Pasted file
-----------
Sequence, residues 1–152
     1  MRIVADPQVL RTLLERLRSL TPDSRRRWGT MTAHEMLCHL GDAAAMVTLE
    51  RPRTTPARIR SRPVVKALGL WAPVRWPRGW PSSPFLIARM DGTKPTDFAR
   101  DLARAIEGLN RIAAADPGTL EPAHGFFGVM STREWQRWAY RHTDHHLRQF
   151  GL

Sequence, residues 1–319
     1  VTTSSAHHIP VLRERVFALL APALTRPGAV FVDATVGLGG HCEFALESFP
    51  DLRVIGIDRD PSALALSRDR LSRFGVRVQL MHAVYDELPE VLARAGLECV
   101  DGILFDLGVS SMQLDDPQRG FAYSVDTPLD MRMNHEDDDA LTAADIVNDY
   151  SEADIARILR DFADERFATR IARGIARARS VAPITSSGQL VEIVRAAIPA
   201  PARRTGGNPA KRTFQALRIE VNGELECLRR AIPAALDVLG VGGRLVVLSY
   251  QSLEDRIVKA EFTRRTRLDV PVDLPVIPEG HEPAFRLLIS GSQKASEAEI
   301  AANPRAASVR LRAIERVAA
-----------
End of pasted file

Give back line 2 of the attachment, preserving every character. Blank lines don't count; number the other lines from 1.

     1  MRIVADPQVL RTLLERLRSL TPDSRRRWGT MTAHEMLCHL GDAAAMVTLE